Akira is an interesting character too, and their willingness to toss a suicidal teenager into the mix is gutsy. Her cautious nature and fear of the creature she has bonded with is a perfect contrast to Shiina's mindless embrace of Hoshimaru. For her, the potential power that she now wields is a great burden. If Shiina is having a difficult time growing up fast enough, then Akira has already grown up too quickly, forgotten the wish we all have to be able to fly. Both of these characters are dealing with questions of death. Shiina faces the presence of death for the first time during her accident, and Akira is faced with the desire to no longer exist. As the plot advances, both characters are forced to deal with death on a more concrete level.
The connection between the children and the creatures is creative. They are more than simply animal companions; the creatures change appearance, fitting the personality of the children who own them. None of this has been explained; there are no inconsistencies yet, and the nature of this connection is still coming into focus. Mysteries and questions abound, but I don't feel completely in the dark.
The animation in Shadow Star Narutaru is mixed. Many of the backdrops and characters are simple, but they are also consistent and full of personality. Hoshimaru, though very cute, has the same expression most of the time. There is subtlety, though, because his expression appears to shift depending on what's happening around him. CGI has been used, but it's rare enough that it blends in perfectly. This lack of detail could also be because of the transfer, which isn't up to par with recent series from Geneon and Bandai. Many compression errors show up, including noticeable haloing and some unintentional grain, especially in darker scenes. The reds bleed. The transfer has none of the jagged lines or motion that appears in some anime, though.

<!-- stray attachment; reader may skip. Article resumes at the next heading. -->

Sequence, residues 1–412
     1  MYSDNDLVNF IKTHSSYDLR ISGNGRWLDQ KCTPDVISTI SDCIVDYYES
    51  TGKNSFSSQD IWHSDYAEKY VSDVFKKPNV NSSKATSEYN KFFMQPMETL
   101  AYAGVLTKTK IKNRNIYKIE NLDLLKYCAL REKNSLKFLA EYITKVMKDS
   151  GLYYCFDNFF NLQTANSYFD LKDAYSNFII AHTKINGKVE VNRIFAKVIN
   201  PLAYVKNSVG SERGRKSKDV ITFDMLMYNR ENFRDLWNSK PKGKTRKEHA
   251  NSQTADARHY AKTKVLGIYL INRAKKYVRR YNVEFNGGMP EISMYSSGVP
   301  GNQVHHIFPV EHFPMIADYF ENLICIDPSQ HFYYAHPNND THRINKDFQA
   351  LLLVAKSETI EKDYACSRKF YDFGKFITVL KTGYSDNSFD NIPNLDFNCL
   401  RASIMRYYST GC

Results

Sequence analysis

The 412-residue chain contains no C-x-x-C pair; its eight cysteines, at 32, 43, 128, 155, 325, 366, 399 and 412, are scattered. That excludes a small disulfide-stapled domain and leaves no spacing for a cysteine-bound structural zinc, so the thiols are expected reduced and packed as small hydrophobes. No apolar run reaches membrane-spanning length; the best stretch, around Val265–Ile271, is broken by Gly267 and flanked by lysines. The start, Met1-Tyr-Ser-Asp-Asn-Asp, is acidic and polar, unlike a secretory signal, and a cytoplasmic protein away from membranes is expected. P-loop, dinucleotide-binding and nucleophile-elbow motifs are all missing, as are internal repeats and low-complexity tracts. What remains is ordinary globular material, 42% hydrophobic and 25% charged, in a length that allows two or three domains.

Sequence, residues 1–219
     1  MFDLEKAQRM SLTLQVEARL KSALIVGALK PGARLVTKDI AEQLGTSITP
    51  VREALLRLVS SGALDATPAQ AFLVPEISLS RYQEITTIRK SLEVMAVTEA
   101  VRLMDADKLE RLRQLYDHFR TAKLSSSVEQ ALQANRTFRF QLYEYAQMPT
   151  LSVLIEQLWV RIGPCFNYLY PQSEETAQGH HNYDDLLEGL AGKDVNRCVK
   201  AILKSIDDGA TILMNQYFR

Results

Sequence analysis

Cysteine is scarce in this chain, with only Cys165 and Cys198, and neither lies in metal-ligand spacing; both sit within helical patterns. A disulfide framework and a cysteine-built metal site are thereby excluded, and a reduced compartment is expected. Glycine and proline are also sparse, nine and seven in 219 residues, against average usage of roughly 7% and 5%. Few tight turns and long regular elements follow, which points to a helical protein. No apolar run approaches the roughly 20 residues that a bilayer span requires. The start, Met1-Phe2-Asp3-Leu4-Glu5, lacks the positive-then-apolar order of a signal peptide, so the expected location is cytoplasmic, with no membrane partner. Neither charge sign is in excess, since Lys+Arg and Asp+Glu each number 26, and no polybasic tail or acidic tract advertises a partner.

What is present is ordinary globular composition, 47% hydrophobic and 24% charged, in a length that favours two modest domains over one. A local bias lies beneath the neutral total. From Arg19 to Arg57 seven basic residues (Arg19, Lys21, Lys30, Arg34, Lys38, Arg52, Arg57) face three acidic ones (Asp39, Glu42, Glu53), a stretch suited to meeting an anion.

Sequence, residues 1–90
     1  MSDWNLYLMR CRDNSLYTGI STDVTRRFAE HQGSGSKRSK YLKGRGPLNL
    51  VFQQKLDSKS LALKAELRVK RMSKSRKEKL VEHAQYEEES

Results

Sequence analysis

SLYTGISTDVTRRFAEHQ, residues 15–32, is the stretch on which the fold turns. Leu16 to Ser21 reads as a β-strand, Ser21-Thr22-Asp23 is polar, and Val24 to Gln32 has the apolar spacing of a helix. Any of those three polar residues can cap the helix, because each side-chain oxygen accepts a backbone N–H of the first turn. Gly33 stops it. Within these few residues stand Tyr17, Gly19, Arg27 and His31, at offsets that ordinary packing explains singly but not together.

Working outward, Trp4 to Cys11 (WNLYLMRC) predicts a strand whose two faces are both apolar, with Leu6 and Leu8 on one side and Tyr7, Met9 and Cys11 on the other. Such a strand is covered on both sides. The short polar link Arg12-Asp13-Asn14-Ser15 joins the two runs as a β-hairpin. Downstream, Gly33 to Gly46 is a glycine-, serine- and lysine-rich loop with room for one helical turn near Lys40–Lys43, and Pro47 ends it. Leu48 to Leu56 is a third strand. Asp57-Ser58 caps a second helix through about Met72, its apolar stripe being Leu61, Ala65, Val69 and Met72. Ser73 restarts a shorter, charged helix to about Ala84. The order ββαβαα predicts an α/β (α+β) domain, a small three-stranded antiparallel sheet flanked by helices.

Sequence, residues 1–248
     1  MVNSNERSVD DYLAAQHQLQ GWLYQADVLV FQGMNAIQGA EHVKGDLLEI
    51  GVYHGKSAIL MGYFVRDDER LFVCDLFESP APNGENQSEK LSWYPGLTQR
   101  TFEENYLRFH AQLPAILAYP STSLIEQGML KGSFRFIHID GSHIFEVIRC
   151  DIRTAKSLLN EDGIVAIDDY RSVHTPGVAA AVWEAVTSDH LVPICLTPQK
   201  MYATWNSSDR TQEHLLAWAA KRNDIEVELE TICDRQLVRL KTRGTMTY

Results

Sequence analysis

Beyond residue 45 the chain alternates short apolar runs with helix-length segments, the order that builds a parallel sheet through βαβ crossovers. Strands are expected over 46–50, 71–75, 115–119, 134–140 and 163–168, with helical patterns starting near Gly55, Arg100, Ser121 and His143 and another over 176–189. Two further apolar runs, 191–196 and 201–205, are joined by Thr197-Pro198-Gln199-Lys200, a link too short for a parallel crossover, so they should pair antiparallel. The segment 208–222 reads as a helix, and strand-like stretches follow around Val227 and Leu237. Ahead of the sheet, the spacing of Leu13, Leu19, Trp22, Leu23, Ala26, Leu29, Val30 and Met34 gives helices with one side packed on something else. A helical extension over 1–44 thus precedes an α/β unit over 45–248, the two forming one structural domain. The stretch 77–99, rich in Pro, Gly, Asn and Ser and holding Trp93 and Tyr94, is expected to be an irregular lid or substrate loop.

I was more impressed with the sound transfer. Viewers will be happy with either the original Japanese track or the English dub. The dub translation is surprisingly close to the subtitle translation, one of the most faithful I have ever heard. The Japanese track is still preferable, though, because the voices match the characters better.
There are a few extras on the disc, including character art, storyboards, and badly captured screens passed off as a photo gallery. Central Park Media has also included the original Japanese trailers and two American trailers.
To reiterate, Shadow Star Narutaru is not something you should buy for your Pokemon loving eight year old. Mature teenagers and adventurous adults are sure to find it unusually rich, especially for the mystical companion genre. This series reminds us what it feels like to be young and dream, whether those dreams are innocent or dark. Like Miyazaki's work and The Neverending Story, Shadow Star Narutaru lets us vicariously revisit that youthfulness. While the transfer is a little disappointing, it shouldn't keep you from renting or picking up the first volume of the series.
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Scales of Justice
Studio: Central Park Media
• Photo Gallery